Classification and detection of critical transitions
Daniele Proverbio, PhD supervisor: Jorge Goncalves
[Expected start: September 2018]
The goal of this subproject is to provide a classification of CTs and associated early warning signals for diverse applications. The success of detecting early warning signals has varied so far with the particular field. In some cases the coefficient of variance or correlation of the time-signals of a particular species has been used (Scheffer 2010; Gorban 2010; Chen 2012). In others, particular distributions, such as the power law have been applied to predict financial crises (Sorentte 2004; Forró 2015). However, most cases have not taken into account the actual dynamics that generated the data: different forms of dynamical behaviours can lead to very different ways a CT occurs (Lovecchio 2012; Gu 2015; Kuehn 2014; Morales 2015; Murray 2002).
Biological, physiological and other systems, such as financial systems, are dynamic in nature (Murray 2002; Tsuchiya 2015; D’Souza 2015; Gorban 2010; Föllmer 2011; Enders 2008). They evolve according to complex stochastic dynamics (Murray 2001; Gu 2015; Föllmer 2011). Understanding these dynamics can lead to better forms of capturing CTs. For example, CTs can occur as bistable systems switch from one stable (desired) equilibrium to the other (undesired) (Morales 2015; D’Souza 2015; Murray 2002). In this case, the system contains both states and the switch can be triggered by external effects (Morales 2015; Aguirre 2015), such as stress or alcohol. Or a system may have a single state (Kuehn 2014), and this may change due to changes in a single parameter (Murray 2002). For example, mutations in DNA can lead to cancer (Tsuchiya 2015). In this case, changes in a single parameter can cause bifurcations (D’Souza 2015) and transform the system into multiple equilibria, oscillations or even chaos (Khalil 1996; Sastry 2013; Strogatz 2014).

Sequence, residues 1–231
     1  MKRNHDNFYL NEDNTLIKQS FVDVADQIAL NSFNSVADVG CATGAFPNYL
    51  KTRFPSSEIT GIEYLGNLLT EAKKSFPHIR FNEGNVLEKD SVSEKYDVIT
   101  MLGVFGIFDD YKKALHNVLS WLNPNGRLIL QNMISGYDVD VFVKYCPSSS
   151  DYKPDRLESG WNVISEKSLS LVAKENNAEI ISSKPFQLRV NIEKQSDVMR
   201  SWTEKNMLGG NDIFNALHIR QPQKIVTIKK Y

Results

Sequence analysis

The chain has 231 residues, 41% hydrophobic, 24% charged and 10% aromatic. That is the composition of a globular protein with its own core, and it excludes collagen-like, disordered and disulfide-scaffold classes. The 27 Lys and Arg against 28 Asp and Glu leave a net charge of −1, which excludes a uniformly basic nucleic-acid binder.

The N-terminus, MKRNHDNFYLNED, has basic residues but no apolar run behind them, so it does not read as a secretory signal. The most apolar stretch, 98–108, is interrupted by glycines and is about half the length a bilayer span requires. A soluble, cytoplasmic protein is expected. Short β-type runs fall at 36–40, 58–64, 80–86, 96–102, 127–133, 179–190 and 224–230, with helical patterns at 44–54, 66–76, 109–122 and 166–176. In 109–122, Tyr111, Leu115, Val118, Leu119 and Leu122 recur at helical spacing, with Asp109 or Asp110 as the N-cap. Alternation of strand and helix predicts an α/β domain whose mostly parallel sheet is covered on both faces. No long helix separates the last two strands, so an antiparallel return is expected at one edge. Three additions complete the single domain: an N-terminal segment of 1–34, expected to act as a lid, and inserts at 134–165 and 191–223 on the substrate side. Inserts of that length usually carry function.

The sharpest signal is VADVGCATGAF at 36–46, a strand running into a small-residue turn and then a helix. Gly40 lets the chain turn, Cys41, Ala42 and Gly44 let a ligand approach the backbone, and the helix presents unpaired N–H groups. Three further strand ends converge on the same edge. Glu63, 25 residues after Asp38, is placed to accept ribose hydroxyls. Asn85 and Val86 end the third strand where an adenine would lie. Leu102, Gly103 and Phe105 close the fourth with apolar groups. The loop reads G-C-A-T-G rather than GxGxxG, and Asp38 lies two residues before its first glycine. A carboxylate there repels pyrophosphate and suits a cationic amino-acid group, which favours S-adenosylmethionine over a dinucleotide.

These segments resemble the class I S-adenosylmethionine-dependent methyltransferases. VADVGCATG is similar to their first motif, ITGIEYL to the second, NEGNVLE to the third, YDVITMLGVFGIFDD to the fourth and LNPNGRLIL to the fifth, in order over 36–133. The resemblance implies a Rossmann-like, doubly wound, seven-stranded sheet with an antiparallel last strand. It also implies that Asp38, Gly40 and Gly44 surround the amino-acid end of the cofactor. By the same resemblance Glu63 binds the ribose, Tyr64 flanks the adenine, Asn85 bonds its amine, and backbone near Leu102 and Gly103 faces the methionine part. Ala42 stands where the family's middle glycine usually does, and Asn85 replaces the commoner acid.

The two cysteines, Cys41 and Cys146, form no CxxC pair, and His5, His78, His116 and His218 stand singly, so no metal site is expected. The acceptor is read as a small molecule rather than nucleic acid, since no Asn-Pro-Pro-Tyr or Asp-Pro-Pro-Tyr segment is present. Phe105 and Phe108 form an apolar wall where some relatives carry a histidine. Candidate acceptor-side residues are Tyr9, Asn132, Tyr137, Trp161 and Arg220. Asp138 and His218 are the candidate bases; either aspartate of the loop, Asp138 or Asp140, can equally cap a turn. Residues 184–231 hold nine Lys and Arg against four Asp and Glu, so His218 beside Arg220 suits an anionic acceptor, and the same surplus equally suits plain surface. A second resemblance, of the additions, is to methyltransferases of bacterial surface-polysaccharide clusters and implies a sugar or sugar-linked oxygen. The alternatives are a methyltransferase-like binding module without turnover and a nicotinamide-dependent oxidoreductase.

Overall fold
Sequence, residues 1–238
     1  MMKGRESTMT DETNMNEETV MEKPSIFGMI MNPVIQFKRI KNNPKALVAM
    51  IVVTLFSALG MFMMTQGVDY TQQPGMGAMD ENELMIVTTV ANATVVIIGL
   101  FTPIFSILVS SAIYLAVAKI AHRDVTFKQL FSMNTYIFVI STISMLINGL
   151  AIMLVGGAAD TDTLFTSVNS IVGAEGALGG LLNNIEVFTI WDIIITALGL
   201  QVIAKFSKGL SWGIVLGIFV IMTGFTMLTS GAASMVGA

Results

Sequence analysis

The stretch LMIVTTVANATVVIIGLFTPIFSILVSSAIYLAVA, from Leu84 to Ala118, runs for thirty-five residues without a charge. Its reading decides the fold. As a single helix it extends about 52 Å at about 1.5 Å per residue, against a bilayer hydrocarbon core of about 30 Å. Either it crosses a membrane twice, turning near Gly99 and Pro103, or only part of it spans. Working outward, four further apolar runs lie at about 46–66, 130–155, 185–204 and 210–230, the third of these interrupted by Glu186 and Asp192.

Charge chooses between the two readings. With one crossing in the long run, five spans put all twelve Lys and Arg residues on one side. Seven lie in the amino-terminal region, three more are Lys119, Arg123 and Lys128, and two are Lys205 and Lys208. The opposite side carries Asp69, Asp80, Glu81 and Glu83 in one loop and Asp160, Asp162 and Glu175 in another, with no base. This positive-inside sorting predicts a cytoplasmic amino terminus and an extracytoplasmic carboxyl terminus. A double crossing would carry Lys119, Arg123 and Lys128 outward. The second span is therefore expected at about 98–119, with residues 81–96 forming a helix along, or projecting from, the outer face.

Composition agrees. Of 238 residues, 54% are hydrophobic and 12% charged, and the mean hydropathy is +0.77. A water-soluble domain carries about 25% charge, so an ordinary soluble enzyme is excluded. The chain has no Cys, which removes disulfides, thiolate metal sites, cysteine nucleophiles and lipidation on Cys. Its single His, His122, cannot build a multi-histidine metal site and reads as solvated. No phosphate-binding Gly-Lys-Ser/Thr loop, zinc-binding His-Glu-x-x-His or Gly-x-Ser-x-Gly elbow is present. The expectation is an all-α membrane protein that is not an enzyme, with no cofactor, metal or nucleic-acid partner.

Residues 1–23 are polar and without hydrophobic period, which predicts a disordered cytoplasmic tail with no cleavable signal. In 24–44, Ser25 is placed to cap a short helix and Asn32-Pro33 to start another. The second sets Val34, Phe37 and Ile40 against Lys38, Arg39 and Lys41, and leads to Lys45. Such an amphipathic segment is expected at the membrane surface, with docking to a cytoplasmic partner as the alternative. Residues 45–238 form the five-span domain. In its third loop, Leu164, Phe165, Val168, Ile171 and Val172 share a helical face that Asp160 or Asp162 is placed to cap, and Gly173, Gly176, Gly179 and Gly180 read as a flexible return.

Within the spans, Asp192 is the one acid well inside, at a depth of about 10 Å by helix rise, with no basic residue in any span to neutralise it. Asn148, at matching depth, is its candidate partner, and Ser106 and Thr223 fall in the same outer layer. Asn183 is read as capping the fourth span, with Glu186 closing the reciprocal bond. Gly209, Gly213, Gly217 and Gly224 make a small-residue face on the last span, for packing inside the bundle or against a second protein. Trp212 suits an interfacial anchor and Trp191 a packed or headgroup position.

The key to anticipating CTs lies in understanding what kind of system we have (Tsuchiya 2015; Morales 2015; Gorban 2010). Hence, the first step is to build a classification tool. This will initially be done using simplified models to gain a deep understanding of CTs. For each class of CT, we will investigate which combination of signals optimally amplifies the detection of CTs. Then it will become possible to classify real-world applications and pinpoint the signals that need to be measured for detecting CTs. We will then proceed to find the optimal combination of available signals to detect CTs. This should also explain the reason why some metrics in the literature can or cannot be used for CTs for different studied applications.